Title: The Alienation of Courtney Hoffman
Author: Brady Stefani
Publisher: SparkPress, 2016
Genre: YA Science Fiction
**I received a copy of this book free from the author and Booktasters in exchange for an honest review**
But let’s get into it…
Courtney Hoffman is a little troubled ever since her grandfather tattooed a symbol on her ribs and then tried to drown her at seven years old. Her grandfather was found dead later, and Courtney has mixed feelings about him. See, Courtney’s grandfather believed in aliens. Yup…aliens. Like this: 👽.
Courtney doesn’t want to believe, but when she starts getting visits in the middle of the night, she knows she’s either crazy…or her grandfather was right:
When Courtney tries to tell her mother, it doesn’t go well. Especially since her mother has been dating Dr. Anderson. He is creepy and seems to think Courtney is mentally ill. Maybe she is? I mean, who sees aliens in their bedroom at night? She can’t sleep, and when she does, it seems like the aliens are trying to tell her something…or maybe hurt her like her grandfather…are they the ones that hurt him?
Luckily for Courtney, someone believes her: a girl she thought was an imaginary friend. Courtney knew her as Astra, but she’s real, and she’s been trying to communicate with Courtney, because maybe Courtney isn’t so crazy after all…
And what do these aliens want…if they’re real?
Here’s a video trailer for the book that I think sums it up nicely:
Is It Classroom-Appropriate?
Nope. And that’s only because there’s some swearing. Especially use of the F-word. If that wasn’t there, then I would say yes 100%. But you know how parents can get…and I don’t blame them. However, if there wasn’t, I would think this could be a good book for the classroom: you have a young girl, suffering from the loss of her grandfather and some trauma in her childhood, questioning her mental health and getting very little support from her mother.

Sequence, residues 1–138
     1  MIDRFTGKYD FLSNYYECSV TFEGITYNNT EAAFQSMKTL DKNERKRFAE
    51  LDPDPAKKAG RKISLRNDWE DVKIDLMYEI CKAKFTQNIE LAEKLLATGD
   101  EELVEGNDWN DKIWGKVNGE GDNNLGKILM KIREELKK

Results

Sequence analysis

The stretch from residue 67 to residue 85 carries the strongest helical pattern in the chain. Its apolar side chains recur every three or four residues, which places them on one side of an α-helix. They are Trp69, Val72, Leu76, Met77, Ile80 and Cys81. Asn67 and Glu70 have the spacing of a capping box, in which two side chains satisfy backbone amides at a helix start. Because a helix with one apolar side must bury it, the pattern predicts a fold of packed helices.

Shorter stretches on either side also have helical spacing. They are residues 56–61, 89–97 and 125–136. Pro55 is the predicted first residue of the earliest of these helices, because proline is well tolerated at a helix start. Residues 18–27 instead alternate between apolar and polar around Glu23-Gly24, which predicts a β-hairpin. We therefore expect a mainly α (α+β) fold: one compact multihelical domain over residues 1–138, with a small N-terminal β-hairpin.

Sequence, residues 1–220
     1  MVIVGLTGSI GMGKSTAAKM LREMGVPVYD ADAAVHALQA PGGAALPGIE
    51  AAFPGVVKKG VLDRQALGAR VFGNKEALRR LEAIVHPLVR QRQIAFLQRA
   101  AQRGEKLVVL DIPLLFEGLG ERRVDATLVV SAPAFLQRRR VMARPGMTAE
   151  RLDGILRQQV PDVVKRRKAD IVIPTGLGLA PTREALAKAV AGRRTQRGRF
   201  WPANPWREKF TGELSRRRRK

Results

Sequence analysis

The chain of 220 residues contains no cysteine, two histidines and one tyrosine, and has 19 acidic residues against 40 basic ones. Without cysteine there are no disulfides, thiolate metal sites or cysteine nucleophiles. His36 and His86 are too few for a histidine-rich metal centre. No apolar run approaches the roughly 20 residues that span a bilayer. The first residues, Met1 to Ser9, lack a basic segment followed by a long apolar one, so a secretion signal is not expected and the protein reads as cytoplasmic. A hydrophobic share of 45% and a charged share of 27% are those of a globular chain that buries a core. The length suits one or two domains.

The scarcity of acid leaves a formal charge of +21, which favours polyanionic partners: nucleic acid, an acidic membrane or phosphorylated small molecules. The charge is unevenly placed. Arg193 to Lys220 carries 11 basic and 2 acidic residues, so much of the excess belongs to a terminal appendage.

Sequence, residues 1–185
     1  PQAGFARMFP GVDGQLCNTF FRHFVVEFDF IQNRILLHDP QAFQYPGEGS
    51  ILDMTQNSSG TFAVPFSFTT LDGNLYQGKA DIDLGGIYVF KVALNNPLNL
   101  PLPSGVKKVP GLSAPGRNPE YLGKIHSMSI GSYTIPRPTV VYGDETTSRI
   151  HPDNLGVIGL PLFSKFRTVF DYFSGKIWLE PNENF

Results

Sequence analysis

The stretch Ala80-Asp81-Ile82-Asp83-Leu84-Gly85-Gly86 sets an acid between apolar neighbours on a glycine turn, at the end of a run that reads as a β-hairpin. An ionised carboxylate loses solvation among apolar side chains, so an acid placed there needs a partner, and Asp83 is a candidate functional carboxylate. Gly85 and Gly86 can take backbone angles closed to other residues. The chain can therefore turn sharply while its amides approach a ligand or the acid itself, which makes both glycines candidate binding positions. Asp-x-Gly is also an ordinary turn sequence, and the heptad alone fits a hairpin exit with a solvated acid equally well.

Unfortunately because of the swearing, I cannot recommend it for the classroom. Maybe for older readers?
On this one, I would say 15 and up. 16 and up if you are extremely conservative about swearing. It doesn’t happen often, but it does happen. I don’t think this should turn off older readers to this book, though. I’m overly cautious when it comes to two areas: sex and swearing, as well as adult themes. So for a mid-teen, I don’t find this offensive. But that’s a personal call I can’t make, as I don’t have children.
So this is where it gets a little tricky with me. I love most books. I liked the concepts and I did get glued to the page. But Courtney…oh, Courtney.
Let’s just say that Kestrel from The Winner’s Curse used to be the most annoying character for me. Past tense.
Courtney has stolen the spot from Kestrel.
Throughout the book, Courtney is whiny, always crying, and always doing the one thing you are SCREAMING AT HER NOT TO DO. “Remember, don’t open the gate.” Courtney opens the gate. “Don’t go meet with Dr. Delmar!” Courtney meets with Dr. Delmar. Seriously??? You’re brought to a room in a dirty, abandoned hospital, without your parents or a safety buddy, where someone could rape you and leave you for dead…but it’s ok because he’s a doctor that specializes in aliens?? AND THEN YOU ALMOST GO BACK???
I wanted to slap her. So bad. So many bad choices. I know teens aren’t always making the best decisions, but seriously. C’mon. That was my biggest complaint: Courtney and her mistakes. Courtney and her poor decision-making skills. Courtney and her attempts to tell her mom what her mom obviously won’t believe.
There is a second book coming out apparently. And I’m a sucker for finding out more. I did not like Court of Fives, but when paired with Poisoned Blade, I started to like it more. Maybe this was Courtney’s “growth” period and she won’t be so frustrating. Or maybe she was just being a teenage girl.
I give The Alienation of Courtney Hoffman ★★★☆☆. I could see others liking it, but it wasn’t my cup of tea. But I will probably read the sequel, because I always have to know more. (At least a sequel or follow-up was alluded to).
That also means: